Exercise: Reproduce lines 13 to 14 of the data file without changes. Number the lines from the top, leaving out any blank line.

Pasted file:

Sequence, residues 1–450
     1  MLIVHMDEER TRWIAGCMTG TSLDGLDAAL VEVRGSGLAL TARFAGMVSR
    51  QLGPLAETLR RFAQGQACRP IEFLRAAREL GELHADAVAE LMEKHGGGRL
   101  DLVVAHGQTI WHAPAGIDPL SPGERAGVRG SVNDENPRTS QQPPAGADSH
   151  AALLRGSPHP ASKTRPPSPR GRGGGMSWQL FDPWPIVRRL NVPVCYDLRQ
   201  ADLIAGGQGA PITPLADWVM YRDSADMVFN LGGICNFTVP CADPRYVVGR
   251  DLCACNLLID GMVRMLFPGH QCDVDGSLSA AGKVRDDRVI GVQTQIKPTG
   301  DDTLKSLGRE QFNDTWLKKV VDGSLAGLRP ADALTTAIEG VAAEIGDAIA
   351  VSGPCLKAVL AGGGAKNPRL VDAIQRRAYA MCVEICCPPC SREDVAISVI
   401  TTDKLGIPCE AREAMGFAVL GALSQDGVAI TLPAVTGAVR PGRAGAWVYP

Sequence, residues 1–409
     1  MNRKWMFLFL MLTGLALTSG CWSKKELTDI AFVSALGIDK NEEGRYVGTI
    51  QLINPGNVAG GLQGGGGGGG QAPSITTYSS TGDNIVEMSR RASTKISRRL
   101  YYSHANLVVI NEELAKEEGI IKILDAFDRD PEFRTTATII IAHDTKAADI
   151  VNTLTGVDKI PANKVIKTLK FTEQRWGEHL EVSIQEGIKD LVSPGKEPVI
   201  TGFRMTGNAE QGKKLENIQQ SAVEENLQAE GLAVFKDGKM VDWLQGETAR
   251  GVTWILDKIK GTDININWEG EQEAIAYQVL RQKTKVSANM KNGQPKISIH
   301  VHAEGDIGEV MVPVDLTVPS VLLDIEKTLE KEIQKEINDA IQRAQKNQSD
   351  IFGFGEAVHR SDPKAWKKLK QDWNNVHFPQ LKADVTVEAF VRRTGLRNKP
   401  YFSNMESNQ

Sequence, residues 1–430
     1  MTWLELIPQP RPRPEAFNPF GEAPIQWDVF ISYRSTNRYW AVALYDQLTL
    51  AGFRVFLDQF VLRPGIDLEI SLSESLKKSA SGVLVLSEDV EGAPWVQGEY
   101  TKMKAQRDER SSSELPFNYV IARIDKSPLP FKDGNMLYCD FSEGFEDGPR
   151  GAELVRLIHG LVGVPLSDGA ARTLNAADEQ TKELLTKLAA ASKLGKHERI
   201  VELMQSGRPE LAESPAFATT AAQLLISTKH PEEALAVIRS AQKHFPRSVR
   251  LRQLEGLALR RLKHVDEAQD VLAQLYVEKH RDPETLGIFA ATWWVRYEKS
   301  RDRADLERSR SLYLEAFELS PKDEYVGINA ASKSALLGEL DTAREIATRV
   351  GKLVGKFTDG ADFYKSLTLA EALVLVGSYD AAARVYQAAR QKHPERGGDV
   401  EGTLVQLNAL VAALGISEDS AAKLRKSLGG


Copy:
    51  QLINPGNVAG GLQGGGGGGG QAPSITTYSS TGDNIVEMSR RASTKISRRL
   101  YYSHANLVVI NEELAKEEGI IKILDAFDRD PEFRTTATII IAHDTKAADI